April 27, 2010
Canada came to the G20 meeting of finance and central bank officials in Washington, saw and heard from its peers, and at the end of the day conquered.
Much of the success was due to Canada’s willingness to move away from its traditional Western allies — and their massive debt loads — and join forces with the dynamic and fiscally healthy emerging economies.
And it’s with good reason Canada is warming up to China and other emerging economies. Not only are they growing, but they are getting more clout, as China overtook European countries in World Bank voting power, in a shift agreed upon yesterday.
Finance Minister Jim Flaherty and Bank of Canada governor Mark Carney won the backing of the major emerging economies on a proposed bank tax, and as a result the G20 communique failed to endorse the levy.
Instead, the G20 asked the International Monetary Fund, which had endorsed the tax, to explore alternatives, including a Canadian suggestion that would see banks insure themselves against failure by issuing debt that can be converted into equity at times of trouble.
“The outcome on the bank-levy debate showed that the United States and its transatlantic allies of Britain, France and Germany no longer drive and determine the outcomes of key G20 debates,” said John Kirton, a foreign-policy expert and G20 watcher at the University of Toronto. “Here the Canadian coalition won on this issue.” And while Europe debated what to do with its problem child Greece (which has requested up to US$60-billion in emergency aid), Mr. Flaherty was throwing his weight around again about the need for developed economies to follow Canada’s lead and sketch out a plan to return to budget balance.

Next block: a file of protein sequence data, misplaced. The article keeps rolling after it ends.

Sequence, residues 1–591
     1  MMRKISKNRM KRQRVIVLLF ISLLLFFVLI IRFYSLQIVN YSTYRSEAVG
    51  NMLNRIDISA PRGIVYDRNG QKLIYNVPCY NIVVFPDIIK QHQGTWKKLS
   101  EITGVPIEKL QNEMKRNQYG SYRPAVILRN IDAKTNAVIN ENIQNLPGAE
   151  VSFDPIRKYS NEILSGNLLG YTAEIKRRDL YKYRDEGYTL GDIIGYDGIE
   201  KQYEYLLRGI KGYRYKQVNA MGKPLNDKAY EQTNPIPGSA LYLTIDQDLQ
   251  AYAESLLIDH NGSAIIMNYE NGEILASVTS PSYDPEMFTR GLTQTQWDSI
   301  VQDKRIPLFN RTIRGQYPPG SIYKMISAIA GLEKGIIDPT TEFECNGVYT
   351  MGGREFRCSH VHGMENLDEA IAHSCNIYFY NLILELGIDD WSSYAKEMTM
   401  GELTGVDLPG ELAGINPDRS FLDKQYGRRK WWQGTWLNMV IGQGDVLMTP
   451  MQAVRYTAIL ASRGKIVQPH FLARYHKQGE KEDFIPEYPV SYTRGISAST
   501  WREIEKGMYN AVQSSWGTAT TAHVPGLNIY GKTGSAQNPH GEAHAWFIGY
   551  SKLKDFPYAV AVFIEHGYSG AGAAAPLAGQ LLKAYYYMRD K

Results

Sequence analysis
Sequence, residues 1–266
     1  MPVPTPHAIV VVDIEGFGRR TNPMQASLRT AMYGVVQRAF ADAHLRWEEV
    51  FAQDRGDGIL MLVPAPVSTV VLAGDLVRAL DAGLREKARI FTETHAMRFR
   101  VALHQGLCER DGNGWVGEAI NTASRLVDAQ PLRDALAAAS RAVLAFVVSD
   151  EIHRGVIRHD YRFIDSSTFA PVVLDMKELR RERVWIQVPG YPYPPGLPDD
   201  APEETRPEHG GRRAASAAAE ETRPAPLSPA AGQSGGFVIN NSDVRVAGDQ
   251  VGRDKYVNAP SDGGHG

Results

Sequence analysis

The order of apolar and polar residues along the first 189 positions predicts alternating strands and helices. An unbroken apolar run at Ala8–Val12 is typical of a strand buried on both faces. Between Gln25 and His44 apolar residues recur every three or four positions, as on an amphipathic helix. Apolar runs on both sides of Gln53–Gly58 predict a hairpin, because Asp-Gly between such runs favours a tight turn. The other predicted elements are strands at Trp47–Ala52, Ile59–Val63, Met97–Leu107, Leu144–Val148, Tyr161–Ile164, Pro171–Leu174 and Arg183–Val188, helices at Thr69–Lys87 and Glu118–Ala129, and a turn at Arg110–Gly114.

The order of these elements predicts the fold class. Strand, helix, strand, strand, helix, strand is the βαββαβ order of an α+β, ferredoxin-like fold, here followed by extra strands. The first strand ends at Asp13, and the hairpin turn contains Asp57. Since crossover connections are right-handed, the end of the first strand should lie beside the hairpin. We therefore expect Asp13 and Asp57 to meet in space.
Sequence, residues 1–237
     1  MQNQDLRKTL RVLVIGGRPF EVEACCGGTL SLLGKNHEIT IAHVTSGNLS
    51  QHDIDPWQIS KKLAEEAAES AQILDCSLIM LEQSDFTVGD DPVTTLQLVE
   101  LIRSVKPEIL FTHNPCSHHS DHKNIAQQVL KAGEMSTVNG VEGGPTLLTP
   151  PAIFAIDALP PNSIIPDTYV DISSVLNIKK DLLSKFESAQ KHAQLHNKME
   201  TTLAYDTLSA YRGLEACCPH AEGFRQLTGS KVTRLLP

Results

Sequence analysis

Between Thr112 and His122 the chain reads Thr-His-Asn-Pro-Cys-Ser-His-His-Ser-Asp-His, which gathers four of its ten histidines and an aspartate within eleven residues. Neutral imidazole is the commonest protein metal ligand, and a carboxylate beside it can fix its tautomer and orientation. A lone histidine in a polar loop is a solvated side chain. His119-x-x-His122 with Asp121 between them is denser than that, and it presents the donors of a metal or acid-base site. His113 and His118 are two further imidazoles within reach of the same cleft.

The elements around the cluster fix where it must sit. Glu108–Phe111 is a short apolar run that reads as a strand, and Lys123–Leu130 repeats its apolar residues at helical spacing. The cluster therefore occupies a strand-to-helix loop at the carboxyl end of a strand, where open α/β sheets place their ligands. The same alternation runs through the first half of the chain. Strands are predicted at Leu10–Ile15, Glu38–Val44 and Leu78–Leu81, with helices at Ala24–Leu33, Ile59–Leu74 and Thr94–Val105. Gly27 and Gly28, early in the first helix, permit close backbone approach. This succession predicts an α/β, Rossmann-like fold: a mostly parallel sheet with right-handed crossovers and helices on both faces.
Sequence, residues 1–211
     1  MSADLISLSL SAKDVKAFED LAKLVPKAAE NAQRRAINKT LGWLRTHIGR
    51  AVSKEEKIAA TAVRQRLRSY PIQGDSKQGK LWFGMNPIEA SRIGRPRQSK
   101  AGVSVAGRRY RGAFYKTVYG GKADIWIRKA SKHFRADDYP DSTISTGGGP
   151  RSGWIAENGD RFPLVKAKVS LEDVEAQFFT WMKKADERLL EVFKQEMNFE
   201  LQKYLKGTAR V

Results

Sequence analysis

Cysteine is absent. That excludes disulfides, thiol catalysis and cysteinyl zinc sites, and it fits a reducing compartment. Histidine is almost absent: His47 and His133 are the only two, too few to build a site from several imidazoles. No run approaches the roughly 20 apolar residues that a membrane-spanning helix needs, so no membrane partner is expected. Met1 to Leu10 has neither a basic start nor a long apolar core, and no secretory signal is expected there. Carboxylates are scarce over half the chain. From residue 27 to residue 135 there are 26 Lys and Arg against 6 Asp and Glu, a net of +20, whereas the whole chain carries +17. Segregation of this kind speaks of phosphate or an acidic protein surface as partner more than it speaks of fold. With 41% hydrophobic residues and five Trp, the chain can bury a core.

“There are a number of Western industrialized economies, including a number of European economies, that are running substantial deficits and accumulating a lot of debt,” Mr. Flaherty warned. “Those issues need to be addressed and can’t go on indefinitely, especially since we are starting to see good indications of economic recovery.”
Read the rest of this article at financialpost.com.